Purchase this article with an account.
Shaheen P. Shah, Priya Morjaria, Clare Gilbert; Variation In The Provision Of Services For Glaucoma, By Level Of Socioeconomic Development. Invest. Ophthalmol. Vis. Sci. 2012;53(14):6387.
Download citation file:
© ARVO (1962-2015); The Authors (2016-present)
Glaucoma is an important cause of blindness in all regions. There is anecdotal evidence that this may, in part, be due to inadequate services for diagnosis and management of glaucoma in less developed countries. The aim of this study is to provide a description of the services in these settings.
An online network of ophthalmologists (International Eye Research Network) has already been established through a range of sources. Members were requested to report information on their services and management of glaucoma in 2010 via an online survey. Data collected included type and capacity of hospital, availability of a glaucoma specialist, availability and functionality of equipment as well as preferred management options. Hospitals were categorised by their country’s United Nations Human development Index (HDI) as low (<0.5), middle-low (≥0.5-<0.6) and middle-high (≥0.6-<0.9). No high developed country (HDI ≥0.9) was included.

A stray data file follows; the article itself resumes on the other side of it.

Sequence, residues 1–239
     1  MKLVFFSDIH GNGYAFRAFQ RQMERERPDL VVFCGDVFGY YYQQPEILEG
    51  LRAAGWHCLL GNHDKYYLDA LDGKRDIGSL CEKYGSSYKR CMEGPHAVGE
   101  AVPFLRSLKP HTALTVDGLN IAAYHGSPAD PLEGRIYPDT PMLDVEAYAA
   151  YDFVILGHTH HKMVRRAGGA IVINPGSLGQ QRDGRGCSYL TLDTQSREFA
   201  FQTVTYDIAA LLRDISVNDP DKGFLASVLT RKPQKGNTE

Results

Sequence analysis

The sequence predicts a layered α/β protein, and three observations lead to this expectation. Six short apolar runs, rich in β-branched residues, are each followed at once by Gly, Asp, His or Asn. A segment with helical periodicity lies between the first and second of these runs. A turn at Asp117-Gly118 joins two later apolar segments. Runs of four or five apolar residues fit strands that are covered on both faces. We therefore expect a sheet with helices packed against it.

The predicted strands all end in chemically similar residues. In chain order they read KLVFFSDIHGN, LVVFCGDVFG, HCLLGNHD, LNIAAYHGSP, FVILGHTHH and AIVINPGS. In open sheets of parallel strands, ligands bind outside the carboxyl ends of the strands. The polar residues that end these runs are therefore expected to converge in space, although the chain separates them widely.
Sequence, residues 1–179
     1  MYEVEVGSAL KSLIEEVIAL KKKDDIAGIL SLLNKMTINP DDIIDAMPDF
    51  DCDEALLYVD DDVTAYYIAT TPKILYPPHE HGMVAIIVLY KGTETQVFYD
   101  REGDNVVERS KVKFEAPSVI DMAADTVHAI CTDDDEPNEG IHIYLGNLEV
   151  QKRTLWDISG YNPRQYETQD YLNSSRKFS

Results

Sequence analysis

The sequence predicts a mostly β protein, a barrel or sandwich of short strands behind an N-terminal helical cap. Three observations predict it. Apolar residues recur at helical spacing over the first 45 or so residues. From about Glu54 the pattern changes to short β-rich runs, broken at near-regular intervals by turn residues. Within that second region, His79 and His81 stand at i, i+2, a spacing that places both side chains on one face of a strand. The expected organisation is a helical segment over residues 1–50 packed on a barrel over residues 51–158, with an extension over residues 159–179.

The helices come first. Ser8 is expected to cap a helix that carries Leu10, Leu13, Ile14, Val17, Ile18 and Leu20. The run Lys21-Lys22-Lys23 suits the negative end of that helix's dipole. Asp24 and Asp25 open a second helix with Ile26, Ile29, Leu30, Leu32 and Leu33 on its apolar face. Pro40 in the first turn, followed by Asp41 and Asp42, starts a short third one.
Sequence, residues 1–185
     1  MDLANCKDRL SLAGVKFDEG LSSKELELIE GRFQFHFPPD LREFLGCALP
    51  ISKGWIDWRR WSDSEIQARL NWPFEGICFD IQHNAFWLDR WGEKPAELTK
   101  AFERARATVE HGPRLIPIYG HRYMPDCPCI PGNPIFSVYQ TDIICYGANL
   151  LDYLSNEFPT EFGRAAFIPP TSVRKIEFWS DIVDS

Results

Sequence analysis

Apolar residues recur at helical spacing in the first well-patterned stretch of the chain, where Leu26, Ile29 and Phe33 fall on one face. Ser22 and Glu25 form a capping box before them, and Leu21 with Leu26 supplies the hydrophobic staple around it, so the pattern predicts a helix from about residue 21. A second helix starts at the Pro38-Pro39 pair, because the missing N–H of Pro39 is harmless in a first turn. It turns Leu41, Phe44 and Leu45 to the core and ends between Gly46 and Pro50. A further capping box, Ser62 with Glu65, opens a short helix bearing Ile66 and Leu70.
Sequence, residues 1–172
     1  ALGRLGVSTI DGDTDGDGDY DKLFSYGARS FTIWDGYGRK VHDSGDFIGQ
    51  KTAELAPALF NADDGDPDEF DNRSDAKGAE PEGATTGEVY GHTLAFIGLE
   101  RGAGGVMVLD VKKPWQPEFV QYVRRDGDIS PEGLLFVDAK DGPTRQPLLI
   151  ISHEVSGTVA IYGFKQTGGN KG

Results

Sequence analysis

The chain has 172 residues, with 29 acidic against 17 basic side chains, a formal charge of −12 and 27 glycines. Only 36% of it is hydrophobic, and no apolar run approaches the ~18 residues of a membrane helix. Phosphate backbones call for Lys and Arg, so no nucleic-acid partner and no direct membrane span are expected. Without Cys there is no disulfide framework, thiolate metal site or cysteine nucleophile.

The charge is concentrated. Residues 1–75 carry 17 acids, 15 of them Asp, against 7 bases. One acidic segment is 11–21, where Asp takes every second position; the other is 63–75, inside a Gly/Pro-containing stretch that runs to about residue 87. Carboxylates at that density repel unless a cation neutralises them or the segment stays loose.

81 ophthalmic hospitals in 24 countries participated. 70% were non governmental institutions. 30% were in low HDI and 31% in middle-low HDI countries. Hospitals had an average of 9 full time ophthalmologists with a median of 100 glaucoma outpatient visits/month. Only 17% of hospitals in low HDI settings had an ophthalmologist with sub-speciality training in glaucoma compared to 97% in middle-high HDI settings. Hospitals with a subspecialist were more likely to offer information leaflets about glaucoma to patients (84.3% vs 30%, p<0.001) and have glaucoma management protocols (77.5% vs 39.3%, p<0.001). There was a trend for lack of essential equipment in hospitals in low HDI settings e.g. 75% had a functioning field analyser vs. 97% in middle-high HDI hospitals ( p=0.05); 37.5% had a Yag laser for peripheral iridotomy compared with 81% in middle-high HDI hospitals (p=0.001). The presence of a subspecialist was significantly associated with a greater number of trabeculectomies. This association remained significant after adjusting for HDI (p=0.031).
Glaucoma subspecialists are lacking in low HDI settings affecting quality of care. Emphasis should be placed on strengthening eye departments to enable them to accurately diagnose and manage glaucoma patients who present to them before strategies are put in place to increase case finding in the community.
This PDF is available to Subscribers Only